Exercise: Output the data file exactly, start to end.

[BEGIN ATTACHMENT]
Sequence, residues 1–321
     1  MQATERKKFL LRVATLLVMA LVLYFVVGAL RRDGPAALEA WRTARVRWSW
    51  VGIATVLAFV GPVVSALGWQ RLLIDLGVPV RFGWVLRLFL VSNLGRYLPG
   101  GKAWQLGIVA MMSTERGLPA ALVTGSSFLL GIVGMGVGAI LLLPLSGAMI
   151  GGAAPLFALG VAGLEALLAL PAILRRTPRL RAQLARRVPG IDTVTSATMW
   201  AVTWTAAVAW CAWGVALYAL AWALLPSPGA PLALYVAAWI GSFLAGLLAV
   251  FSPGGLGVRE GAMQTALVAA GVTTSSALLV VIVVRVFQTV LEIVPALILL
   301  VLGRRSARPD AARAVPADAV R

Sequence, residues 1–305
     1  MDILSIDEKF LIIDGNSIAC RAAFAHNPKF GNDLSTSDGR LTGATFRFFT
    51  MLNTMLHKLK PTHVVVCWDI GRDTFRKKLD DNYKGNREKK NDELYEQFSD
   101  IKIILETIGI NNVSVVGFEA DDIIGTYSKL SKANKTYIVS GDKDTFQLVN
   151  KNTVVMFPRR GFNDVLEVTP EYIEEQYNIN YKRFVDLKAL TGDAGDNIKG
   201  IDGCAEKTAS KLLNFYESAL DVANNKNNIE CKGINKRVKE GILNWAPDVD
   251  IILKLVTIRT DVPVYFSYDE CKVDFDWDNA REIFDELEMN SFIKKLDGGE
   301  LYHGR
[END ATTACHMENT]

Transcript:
Sequence, residues 1–321
     1  MQATERKKFL LRVATLLVMA LVLYFVVGAL RRDGPAALEA WRTARVRWSW
    51  VGIATVLAFV GPVVSALGWQ RLLIDLGVPV RFGWVLRLFL VSNLGRYLPG
   101  GKAWQLGIVA MMSTERGLPA ALVTGSSFLL GIVGMGVGAI LLLPLSGAMI
   151  GGAAPLFALG VAGLEALLAL PAILRRTPRL RAQLARRVPG IDTVTSATMW
   201  AVTWTAAVAW CAWGVALYAL AWALLPSPGA PLALYVAAWI GSFLAGLLAV
   251  FSPGGLGVRE GAMQTALVAA GVTTSSALLV VIVVRVFQTV LEIVPALILL
   301  VLGRRSARPD AARAVPADAV R

Sequence, residues 1–305
     1  MDILSIDEKF LIIDGNSIAC RAAFAHNPKF GNDLSTSDGR LTGATFRFFT
    51  MLNTMLHKLK PTHVVVCWDI GRDTFRKKLD DNYKGNREKK NDELYEQFSD
   101  IKIILETIGI NNVSVVGFEA DDIIGTYSKL SKANKTYIVS GDKDTFQLVN
   151  KNTVVMFPRR GFNDVLEVTP EYIEEQYNIN YKRFVDLKAL TGDAGDNIKG
   201  IDGCAEKTAS KLLNFYESAL DVANNKNNIE CKGINKRVKE GILNWAPDVD
   251  IILKLVTIRT DVPVYFSYDE CKVDFDWDNA REIFDELEMN SFIKKLDGGE
   301  LYHGR